For centuries the Catholic church has been led by Europeans. The World has changed dramatically since the early days. Now the fastest growing number of members are found in African and Latin America. It would send the wrong message to once again chose a White European Pope. The Catholic Church hierarchy needs to show they are not a hopelessly reactionary organization. Jesus was not a European. Now it’s time for a Pope who is not:
Expert Vatican watchers all name the same four ‘papabile’ — the Cardinals, princes of the church, who could be the next pope.
Three expert Vatican watchers list some of their leading papabile — Italian for cardinals who might be elected as the next pope. In alphabetical order…
Kissing his boyfriend during a protest in front of Russia’s parliament earned Pavel Samburov 30 hours of detention and the equivalent of a $16 fine on a charge of “hooliganism.” But if a bill that comes up for a first vote later this month becomes law, such a public kiss could be defined as illegal “homosexual propaganda” and bring a fine of up to $16,000.
The legislation being pushed by the Kremlin and the Russian Orthodox Church would make it illegal nationwide to provide minors with information that is defined as “propaganda of sodomy, lesbianism, bisexuality and transgenderism.” It includes a ban on holding public events that promote gay rights. St. Petersburg and a number of other Russian cities already have similar laws on their books.
via Russia moves to enact laws against ‘homosexual propaganda’ | Fox News.
U.S. foreign policy in the Middle East has always been about protesting oil interests. The welfare of the average Muslim or Arab matters very little to them. The fear of an Islamic state far outweighs the murderous acts of a dictator. This is the calculation that the Obama administration has made. We’ve seen it many times before:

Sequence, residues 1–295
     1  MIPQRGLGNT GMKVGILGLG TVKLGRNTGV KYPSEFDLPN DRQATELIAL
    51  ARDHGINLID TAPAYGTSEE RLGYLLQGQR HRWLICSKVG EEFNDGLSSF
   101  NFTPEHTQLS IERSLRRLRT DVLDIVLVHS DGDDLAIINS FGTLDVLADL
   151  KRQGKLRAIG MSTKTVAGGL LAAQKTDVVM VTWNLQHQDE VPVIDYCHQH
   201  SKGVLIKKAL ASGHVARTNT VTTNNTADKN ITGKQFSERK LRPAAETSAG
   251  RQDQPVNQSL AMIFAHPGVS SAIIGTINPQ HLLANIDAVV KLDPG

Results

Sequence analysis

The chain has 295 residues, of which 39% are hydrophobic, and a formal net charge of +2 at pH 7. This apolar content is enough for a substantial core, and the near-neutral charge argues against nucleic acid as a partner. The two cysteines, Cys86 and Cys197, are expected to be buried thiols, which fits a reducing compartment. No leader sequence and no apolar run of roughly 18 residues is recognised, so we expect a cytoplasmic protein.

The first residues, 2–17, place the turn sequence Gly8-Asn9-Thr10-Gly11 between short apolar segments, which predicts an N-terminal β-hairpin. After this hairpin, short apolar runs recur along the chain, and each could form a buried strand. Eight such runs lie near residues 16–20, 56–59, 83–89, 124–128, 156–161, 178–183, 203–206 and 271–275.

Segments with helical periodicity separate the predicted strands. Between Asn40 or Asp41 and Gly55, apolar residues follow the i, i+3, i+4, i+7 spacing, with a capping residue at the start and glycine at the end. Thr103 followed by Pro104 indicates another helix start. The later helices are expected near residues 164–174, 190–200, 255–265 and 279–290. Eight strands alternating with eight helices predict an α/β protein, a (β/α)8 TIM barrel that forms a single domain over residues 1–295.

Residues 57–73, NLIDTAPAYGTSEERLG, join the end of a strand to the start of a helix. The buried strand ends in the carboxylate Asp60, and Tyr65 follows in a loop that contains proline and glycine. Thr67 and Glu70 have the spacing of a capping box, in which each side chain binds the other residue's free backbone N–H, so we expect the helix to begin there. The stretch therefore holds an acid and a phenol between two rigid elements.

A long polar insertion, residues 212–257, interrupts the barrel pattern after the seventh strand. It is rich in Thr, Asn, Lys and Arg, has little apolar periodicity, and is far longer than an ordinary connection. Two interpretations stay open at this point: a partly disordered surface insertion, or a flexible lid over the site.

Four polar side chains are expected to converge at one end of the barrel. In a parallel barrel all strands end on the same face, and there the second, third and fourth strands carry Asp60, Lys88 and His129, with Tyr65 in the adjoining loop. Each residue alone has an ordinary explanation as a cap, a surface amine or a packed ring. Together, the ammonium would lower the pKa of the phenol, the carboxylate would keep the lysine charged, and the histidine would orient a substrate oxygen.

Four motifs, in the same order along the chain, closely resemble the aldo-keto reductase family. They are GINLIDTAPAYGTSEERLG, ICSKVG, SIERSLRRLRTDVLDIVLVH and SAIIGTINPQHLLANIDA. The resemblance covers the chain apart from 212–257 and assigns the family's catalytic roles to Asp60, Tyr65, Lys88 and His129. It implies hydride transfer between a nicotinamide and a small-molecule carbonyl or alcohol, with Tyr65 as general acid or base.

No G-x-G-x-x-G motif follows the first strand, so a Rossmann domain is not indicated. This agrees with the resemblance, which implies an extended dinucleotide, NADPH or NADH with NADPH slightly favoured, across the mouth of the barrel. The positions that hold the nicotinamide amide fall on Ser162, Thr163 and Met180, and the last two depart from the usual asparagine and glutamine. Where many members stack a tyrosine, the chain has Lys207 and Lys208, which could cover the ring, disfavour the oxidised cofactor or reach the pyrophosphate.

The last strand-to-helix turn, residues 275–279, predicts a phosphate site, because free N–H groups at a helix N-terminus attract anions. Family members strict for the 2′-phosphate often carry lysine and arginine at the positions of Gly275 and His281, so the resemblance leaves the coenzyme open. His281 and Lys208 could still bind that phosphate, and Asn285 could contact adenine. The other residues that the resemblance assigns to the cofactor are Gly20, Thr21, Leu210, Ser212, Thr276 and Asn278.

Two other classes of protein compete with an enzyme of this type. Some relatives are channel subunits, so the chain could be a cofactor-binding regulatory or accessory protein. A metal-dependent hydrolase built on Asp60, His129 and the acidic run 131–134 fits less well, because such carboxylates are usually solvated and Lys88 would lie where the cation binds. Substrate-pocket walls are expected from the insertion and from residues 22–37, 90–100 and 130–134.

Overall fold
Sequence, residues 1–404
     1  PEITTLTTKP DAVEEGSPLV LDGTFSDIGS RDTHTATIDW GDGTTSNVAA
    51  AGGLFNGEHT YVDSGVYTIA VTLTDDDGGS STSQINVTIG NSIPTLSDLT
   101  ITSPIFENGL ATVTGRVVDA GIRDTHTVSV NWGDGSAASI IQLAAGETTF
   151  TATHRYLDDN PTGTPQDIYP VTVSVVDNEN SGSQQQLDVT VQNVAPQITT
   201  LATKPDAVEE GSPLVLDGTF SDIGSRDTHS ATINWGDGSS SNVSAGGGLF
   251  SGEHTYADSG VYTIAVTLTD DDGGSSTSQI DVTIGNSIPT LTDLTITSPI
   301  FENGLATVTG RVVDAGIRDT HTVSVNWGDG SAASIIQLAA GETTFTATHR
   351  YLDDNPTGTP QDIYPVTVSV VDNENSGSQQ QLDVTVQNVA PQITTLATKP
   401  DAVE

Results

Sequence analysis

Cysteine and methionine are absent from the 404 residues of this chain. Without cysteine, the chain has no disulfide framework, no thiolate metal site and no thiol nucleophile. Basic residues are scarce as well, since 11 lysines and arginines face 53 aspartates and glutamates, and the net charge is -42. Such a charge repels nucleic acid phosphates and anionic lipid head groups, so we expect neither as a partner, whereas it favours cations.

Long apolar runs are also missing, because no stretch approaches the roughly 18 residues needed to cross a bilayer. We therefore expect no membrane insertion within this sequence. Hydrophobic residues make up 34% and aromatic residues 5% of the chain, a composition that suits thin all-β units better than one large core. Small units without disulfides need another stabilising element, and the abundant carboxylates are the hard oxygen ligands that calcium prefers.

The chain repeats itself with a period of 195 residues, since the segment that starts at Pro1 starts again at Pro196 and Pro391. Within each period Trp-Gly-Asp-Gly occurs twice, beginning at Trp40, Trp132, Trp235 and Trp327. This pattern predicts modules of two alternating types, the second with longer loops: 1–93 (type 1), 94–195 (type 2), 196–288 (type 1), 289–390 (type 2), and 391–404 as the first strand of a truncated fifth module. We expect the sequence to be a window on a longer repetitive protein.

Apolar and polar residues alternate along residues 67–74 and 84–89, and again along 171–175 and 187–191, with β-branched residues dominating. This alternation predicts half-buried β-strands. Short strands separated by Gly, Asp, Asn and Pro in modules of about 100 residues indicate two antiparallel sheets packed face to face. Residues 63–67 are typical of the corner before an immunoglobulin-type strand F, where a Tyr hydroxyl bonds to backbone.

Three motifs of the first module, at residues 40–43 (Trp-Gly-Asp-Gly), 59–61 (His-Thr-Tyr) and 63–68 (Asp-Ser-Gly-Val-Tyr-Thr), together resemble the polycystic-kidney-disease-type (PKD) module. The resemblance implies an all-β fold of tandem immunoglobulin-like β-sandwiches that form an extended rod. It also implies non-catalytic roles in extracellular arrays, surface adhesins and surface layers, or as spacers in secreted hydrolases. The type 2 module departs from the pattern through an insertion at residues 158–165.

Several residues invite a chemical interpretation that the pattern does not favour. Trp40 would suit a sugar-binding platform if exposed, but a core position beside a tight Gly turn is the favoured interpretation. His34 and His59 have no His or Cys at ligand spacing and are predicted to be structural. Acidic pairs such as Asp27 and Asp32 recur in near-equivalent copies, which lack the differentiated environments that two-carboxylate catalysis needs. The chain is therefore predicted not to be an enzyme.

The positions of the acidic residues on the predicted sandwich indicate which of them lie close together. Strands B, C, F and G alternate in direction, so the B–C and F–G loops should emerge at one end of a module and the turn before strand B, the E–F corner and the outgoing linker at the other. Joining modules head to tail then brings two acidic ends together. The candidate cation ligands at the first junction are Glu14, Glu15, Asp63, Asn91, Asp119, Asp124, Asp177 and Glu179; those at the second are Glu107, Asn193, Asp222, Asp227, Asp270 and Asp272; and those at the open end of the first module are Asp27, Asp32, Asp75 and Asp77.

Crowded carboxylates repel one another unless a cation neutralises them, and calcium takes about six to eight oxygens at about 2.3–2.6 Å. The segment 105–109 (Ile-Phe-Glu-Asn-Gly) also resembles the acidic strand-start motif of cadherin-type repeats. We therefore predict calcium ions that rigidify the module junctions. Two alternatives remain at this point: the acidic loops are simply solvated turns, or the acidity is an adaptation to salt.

We should grant American diplomacy under the stewardship of Secretary Hillary Clinton its due: It ran out the clock on the Syrians. There was always another “Friends of Syria” diplomatic gathering, another meeting with Russian Foreign Minister Sergei Lavrov, and always another test of pluralism and inclusiveness that the Syrian opposition had to meet before we deemed it worthy of our support. When Kofi Annan failed and called it quits, another United Nations envoy was dispatched, the Algerian diplomat Lakhdar Brahimi.
Mission accomplished: The war in Syria never intruded on the U.S. presidential contest. Many months earlier, in August 2011, President Barack Obama had given up on the legend of Assad the reformer, and called on the Syrian ruler to abdicate. That declaration was the sum of U.S. policy. America had put itself on the side of good things in Syria, and no more needed to be done. “Complexity” was always the cover, and the pretext, for abdication.
[…]The political calculus had its own power: There was no constituency for a Syrian rescue. One would have thought that it is the burden of leaders to lead, to spell out to a skeptical, reluctant public what the stakes are in distant quarrels. But that is too much to ask for in this moment of American doubt and retrenchment.